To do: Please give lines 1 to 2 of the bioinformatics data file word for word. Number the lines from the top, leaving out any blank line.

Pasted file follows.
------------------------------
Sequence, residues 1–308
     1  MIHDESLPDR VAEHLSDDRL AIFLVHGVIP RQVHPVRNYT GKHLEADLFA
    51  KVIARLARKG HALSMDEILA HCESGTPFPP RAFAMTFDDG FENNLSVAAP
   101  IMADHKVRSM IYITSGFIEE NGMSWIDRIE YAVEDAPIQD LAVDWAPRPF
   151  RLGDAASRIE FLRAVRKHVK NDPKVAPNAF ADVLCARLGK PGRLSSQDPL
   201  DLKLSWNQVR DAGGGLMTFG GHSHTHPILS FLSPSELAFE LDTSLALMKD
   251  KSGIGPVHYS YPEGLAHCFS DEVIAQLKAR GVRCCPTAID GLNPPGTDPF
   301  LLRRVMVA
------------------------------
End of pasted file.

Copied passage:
Sequence, residues 1–308
     1  MIHDESLPDR VAEHLSDDRL AIFLVHGVIP RQVHPVRNYT GKHLEADLFA